Writers want to get paid. They also reach out to me weekly asking how to make money writing online. The majority are hoping for a magic answer that ensures instant success and cash flow. It doesn’t exist. But, I’m always happy to show them the true path to making it in the online world.
The quick answer: Diligence and perseverance will get you that writer’s paycheck. No, there are no shortcuts and you won’t make money overnight. You have to put in the work to build a business. Yes, it takes steps to build a writing business.
The long answer: Becoming a paid writer will not happen instantly, and anyone who promises you can start from scratch and pay your mortgage by the end of the week isn’t being honest with you.
To land clients, they have to want you. You need to build a reputation and samples of your work online. Thankfully, this doesn’t have to take forever and with a strategy in mind, you can make this a full-time income. I have.
So, here’s a collection of some of the best writing advice on the web today. I’ve read (or written) each article suggested and find value in the actionable and honest advice within their pages.
How to Make Money Writing: A Resource List
Take a breath, commit time each day to building your business, and the writing assignments will start flowing. As long as you work through these steps, you will make progress and get closer to your writing business goals. Hint: Bookmark this post!
Setting up a Business
Avoid fines from not paying self-employment taxes and figure out how to set up your writing work as a legal business in the United States if you plan to make more than $400 per year from your word skills.
- 5 Legal Steps for Starting Your Business
- Start Your Own Business
- Paying Quarterly Self-Employment Taxes in 3 Steps
- When to Start a Business: 5 Signs You’re Ready to Launch
- Laid Off From Work: How to Turn Lemons Into Freelance Lemonade
Making a Name for Yourself
When companies hire a writer with a byline, they are looking beyond your writing samples. Stand out by creating a solid online presence. Hiring managers want to work with writers who promote their company’s social posts, network with clients and have a positive attitude online.
- 10 Things to Know Before Starting a Writing Website
- Should You Promote Client Work?
- What Does Your Digital Presence Say About You?
- Want More Website Visitors? Learn How to Build Your Brand With These 6 Tips
Building an Audience
More often than not, when I apply for writing jobs, I’m asked to share social media statistics that show how engaged I am on Facebook, Twitter, Instagram and beyond. As a freelance writer, you are more apt to get offers if you have a built-in audience. You’re being hired for your skills, and your readers. So, actively nurture your readers to keep them coming back for more.
- Self-Promotion for Introverts 101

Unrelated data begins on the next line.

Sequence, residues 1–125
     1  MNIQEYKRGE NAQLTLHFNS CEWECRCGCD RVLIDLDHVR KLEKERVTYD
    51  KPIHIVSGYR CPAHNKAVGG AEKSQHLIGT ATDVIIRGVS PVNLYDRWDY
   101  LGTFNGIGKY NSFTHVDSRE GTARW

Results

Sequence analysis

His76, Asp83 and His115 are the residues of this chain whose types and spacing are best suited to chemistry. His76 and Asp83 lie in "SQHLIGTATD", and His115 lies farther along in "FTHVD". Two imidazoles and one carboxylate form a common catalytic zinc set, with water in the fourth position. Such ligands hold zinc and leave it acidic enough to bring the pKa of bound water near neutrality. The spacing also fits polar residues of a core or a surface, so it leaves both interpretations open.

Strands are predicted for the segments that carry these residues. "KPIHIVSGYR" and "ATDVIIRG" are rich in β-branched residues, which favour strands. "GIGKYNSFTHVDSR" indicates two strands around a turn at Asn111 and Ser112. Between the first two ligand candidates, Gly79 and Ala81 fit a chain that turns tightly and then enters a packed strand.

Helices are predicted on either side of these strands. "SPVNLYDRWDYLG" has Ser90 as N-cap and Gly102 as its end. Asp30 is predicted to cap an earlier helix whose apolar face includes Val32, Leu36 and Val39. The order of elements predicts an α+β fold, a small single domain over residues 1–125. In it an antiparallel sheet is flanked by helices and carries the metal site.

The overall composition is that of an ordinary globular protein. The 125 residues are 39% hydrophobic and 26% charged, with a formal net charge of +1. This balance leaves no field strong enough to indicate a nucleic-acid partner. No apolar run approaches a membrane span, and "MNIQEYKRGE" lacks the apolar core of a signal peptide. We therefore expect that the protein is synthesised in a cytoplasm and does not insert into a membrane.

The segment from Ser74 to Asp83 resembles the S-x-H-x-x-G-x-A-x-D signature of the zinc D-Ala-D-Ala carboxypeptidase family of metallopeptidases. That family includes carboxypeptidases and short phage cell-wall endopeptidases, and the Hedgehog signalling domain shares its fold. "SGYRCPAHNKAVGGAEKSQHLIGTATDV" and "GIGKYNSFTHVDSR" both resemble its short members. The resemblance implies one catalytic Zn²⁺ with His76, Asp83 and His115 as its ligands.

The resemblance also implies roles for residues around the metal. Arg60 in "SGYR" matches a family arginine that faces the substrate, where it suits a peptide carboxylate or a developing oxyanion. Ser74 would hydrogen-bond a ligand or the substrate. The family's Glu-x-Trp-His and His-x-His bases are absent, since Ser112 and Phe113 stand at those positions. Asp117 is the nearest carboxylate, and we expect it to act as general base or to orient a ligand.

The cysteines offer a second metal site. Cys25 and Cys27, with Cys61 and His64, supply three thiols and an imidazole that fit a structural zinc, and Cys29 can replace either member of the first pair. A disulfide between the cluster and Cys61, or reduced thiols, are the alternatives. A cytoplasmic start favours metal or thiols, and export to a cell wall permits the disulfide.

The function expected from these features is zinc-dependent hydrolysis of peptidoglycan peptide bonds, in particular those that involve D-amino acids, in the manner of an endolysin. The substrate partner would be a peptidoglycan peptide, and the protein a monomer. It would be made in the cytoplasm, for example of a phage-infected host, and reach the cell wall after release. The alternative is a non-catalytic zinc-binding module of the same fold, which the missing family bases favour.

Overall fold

- 21 Things a Freelance Writer Must Do to Land Jobs and Thrive as an Entrepreneur
- How (And Why You Should!) Tag Sources on Social Media
Creating Writing Samples
Many new writers feel stuck in the chick-egg scenario. Stop. Thanks to the power of the Internet, you can write online daily and show off your skills with a virtual resume. Start your own blog. Write on Medium. Write on LinkedIn. Do whatever you need to get URLS that you can share with potential clients to show off your talent.
- Should You Write for Free?
- Need a Writing Sample? 8 Places to Get Published
- Land Online Writing Jobs With Two Magical Digits
Pitching Potential Clients
To get writing jobs, you have to ask for them. The trend towards pitching publications is growing and becoming more dominant in the freelance writing marketplace, especially for new writers.
- 7 Ways to Find Freelance Gigs and Get Your Business Started
- The Pitching Game: 4 Freelance Pitch Examples and a Template
- 5 Things Never to Include in Your Blog Pitch
- New Freelance Writer Checklist to Get Writing Jobs
- 5 Ways to Make Your Writing Job Application Stand Out
- Pitching: The Writer and Editor Relationship [PODCAST]
Working as a Freelancer
Once you get your first writing assignment or two under your belt, you’ll have new questions pop up. How do I maintain my productivity? Do I need a schedule? And you might begin to wonder why there’s so much work involved in freelancing. You’re not alone. I put in more hours as a full-time independent contractor than I ever did at the local newspaper, and I wouldn’t change a thing.
- How to Tackle Freelancing From Home: A Sample Weekly Schedule
- Meeting Deadlines Is the Mainstay of Your Business
- 7 Time Management Tips for Building Healthy Habits and Steady Work
Getting Paid to Write
Let talk about invoicing, receiving payments and dealing with contracts. Remember, this is a business. Protect yourself and know what your process is before you start writing or turn in a project.
- 7 Ways to Follow up on Invoices and Get Paid
- A Crash Course in Writer’s Contracts
- 11 Invoicing Terms for Freelancers to Learn Right Away
Keeping Your Business Going
Once the projects start piling up, there’s is quite a bit you can do to steady your momentum. Learn a bit about crippling procrastination and career burnout. Working 24/7 to build your business or leaving things until the last minute are both recipes for disaster and could cost you everything.
- Freelance Burnout: Symptoms and Solutions
- Writers: Why You’re Procrastinating (And 9 Ways to Snap Out Of It)
Growing Your Business
After you figure out how to get jobs, the hardest thing about starting a writing business is jumping over major milestones, like hiring help, discontinuing services or trying new opportunities. It’s all part of the usual growing pains!
- How to Scale Your Business When You Worry About Quality Over Quantity
- Hiring an Accountant? Look for Someone With These 5 Characteristics
- How I’m Growing My Business in 2017
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